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2000-12-23
Glendale, AZ. City Passes Big Box Limits

Big box retailers were 3 time losers this week, as the city of Glendale, Arizona went "outside of the box" to control the proliferation of over-sized retailers. On December 19th, the Glendale City Couoncil voted unanimously to impose a limit on a parcel of land at 51st and Olive Avenue. According to the Arizona Republic newspaper, the Council stipulated that no major tenant on that parcel could stay open between the hours of 10 pm and 6 am, and no tenant could build larger than a 90,000 s.f. limit. This didn't sit too well with the landowners or Wal-Mart, who planned to build a 220,000 s.f. supercenter that would stay open 24 hours a day. But the Glendale City Council went further. They also enacted a new ordinance that would require developers planning retail stores greater than 75,000 s.f. to apply for a conditional use permit. This gives the city more control over the intensity of site use, and permits conditions to be placed on the project. And thirdly, the City Council added new language to their zoning ordinance specifying that stores under 75,000 s.f. would be called "neighborhood shopping centers" and stores over 75,000 s.f would be called "community shopping centers." This implies that community shopping centers could not be located in areas of the city that only permit neighbhorhood shopping centers. Immediately after the vote, Wal-Mart's attorney began "saber rattling" to quote the Arizona Republic story. Because the Glendale Council made their ordinance changes an emergency, Wal-Mart's lawyer threatened to challenge the vote in court and take the matter to a voter referendum. "If the Council is acting in the best interests of their constituents, then they shouldn't be afraid of a referendum," taunted Wal-Mart's attorney, noting that in other such elections in Arizona and elsewhere, Wal-Mart has won at the ballot box. According to Glendale officials, the overwhelming attack on the city by big box developers, including plans for a Wal-Mart, Costco, Kmart, and Sam's Club, forced Glendale to replace their open-ended zoning ordinance. Both Scottsdale and Phoenix, AZ are working on similar ordinances. The planning Director in Mesa, AZ told the newspaper that he was "not sure that an ordinance that's geared toward limiting the size of a big box or limiting the number of big boxes -- I'm not sure that's going to withstand a court challenge." Wal-Mart's attorney added this threat: "Glendale is changing the rules in midgame, and that is going to cost Glendale taxpayers hundreds of thousands of dollars in litigation that they are ultimately going to lose." Gee, they'd make nice neighbors!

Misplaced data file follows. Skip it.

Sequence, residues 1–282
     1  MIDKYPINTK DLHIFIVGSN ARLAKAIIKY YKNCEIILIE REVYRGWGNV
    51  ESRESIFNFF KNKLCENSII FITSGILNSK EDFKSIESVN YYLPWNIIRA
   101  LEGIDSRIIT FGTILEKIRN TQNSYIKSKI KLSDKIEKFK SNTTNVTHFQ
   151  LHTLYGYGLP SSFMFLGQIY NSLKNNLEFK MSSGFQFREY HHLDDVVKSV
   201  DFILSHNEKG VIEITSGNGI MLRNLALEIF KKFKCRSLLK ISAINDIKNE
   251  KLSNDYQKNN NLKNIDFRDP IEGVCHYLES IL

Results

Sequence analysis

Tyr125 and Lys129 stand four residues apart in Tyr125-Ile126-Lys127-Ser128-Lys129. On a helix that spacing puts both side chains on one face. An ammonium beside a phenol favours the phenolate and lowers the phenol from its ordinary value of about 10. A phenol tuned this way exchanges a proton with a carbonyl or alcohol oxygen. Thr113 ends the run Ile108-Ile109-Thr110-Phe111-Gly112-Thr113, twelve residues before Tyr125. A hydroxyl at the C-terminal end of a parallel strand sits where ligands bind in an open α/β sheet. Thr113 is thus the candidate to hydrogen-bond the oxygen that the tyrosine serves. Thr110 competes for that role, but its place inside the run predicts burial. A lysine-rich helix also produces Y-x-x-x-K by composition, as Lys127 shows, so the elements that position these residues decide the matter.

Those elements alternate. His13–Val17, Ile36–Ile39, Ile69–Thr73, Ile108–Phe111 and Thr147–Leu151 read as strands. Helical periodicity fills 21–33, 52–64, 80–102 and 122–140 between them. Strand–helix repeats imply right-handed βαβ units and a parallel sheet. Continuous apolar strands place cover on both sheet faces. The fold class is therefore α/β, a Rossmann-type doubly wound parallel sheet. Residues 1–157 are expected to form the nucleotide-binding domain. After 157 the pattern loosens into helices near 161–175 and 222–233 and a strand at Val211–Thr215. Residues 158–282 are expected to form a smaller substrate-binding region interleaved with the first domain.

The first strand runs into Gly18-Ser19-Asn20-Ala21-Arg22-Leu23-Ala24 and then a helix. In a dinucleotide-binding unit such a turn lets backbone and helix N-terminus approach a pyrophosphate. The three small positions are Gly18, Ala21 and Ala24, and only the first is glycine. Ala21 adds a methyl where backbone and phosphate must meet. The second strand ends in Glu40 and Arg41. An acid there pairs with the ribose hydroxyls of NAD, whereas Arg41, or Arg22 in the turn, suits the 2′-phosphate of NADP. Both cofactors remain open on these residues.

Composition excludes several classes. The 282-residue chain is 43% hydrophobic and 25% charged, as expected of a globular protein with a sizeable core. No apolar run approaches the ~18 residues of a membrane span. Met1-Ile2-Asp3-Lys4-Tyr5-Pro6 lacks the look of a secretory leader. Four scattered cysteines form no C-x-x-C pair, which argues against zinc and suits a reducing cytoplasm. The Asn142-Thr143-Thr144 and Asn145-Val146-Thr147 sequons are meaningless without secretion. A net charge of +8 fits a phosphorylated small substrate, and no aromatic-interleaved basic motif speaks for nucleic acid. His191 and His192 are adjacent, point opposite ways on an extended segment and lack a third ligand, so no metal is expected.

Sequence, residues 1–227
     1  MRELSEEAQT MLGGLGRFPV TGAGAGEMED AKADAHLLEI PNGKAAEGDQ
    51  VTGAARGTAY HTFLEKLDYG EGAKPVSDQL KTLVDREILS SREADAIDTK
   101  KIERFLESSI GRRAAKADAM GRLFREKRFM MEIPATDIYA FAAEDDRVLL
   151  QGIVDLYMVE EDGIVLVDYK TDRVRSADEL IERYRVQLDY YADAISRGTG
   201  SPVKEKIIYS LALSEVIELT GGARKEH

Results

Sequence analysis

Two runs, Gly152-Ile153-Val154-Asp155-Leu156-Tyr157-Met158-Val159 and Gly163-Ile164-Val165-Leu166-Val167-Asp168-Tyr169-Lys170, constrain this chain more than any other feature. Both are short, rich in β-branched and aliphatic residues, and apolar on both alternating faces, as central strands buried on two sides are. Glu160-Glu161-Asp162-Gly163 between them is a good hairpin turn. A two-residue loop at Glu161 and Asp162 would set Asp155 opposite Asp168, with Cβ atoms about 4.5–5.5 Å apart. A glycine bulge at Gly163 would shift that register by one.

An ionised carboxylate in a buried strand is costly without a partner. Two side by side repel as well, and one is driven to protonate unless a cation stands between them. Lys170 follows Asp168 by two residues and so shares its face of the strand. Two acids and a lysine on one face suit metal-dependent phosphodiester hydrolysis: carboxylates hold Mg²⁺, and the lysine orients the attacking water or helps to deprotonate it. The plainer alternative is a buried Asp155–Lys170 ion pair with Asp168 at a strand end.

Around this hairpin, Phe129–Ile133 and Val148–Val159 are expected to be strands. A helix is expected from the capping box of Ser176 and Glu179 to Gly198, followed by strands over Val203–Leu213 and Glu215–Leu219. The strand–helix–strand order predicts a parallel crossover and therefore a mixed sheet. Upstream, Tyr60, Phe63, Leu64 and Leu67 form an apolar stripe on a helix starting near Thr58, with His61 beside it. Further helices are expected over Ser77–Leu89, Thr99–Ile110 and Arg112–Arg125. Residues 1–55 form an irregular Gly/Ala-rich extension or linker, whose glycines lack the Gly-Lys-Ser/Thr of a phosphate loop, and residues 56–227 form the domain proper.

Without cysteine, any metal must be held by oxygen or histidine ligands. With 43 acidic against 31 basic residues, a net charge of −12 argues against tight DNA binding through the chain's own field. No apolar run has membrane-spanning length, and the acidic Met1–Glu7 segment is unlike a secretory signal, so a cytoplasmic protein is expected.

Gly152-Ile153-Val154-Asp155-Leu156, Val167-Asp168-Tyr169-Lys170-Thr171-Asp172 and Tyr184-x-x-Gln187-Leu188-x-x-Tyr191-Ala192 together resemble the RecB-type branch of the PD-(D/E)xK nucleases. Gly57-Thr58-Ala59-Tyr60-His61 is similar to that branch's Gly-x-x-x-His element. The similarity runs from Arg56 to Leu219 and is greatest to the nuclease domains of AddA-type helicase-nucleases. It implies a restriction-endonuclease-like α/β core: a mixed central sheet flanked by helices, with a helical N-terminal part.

What you can do: Is there an Academy Award for Arrogance? Remember this is Wal-Mart talking -- the company whose founder said "if some community, for whatever reason, doesn't want us to go in there, we're not going to go in and create a fuss." Now their legal mouthpiece is threatening the taxpayers with big financial losses, when usually all Wal-Mart wants to talk about is the financial gains they bring. In reality, it is not the Glendale City Council that will force legal bills to be paid, it is Wal-Mart's legal hubris that will cost the taxpayers dearly. If Wal-Mart followed the advice of Sam Walton and didn't stir up a legal fuss, it would truly save local taxpayers hundreds of thousands of dollars. It is also true that Wal-Mart has won some battles in Arizona -- but they have also lost in places like Chandler, Gilbert, and Tuscon. They also lost popular votes in places like Eureka, CA, and Greenfield, MA. Wal-Mart has one major advantage in going to a referendum. They spend a Walton's ransom on the election, sometimes as much as a quarter of a million dollars on one election. They spent that amount in both Glendora, CA and Huntington Beach, CA (see newsflashes below) to influence voters. Thirdly, the ordinances past are becoming increasingly common. Local communities have every right to impose size and location restrictions on developments. Size caps have been growing in popularity as a legal method for placing limits on out of scale development. More often seen in eastern US states, the trend is circulating around the country as more people become aware of the tool, as outlined in my book, "Slam Dunking Wal-Mart." Dimensional limits, as I call them, are an effective and simple way for a community to define what kind of retail development they want. This may restrict certain building prototypes that some developers prefer, but that does not deny productive commercial uses for other developers who can build a store smaller than 90,000s.f. If you can't build a discount/grocery store in 2 acres or less -- that's your problem -- not the city of Glendale's. All the threats and intimidation should make it clear to voters in Glendale what these retailers are really like as companies. "Give us we want or we will sue you." is the message. Maybe that's what Wal-Mart means when they say they want to be "responsible developers". Responsible for fear and intimidation.










 
 
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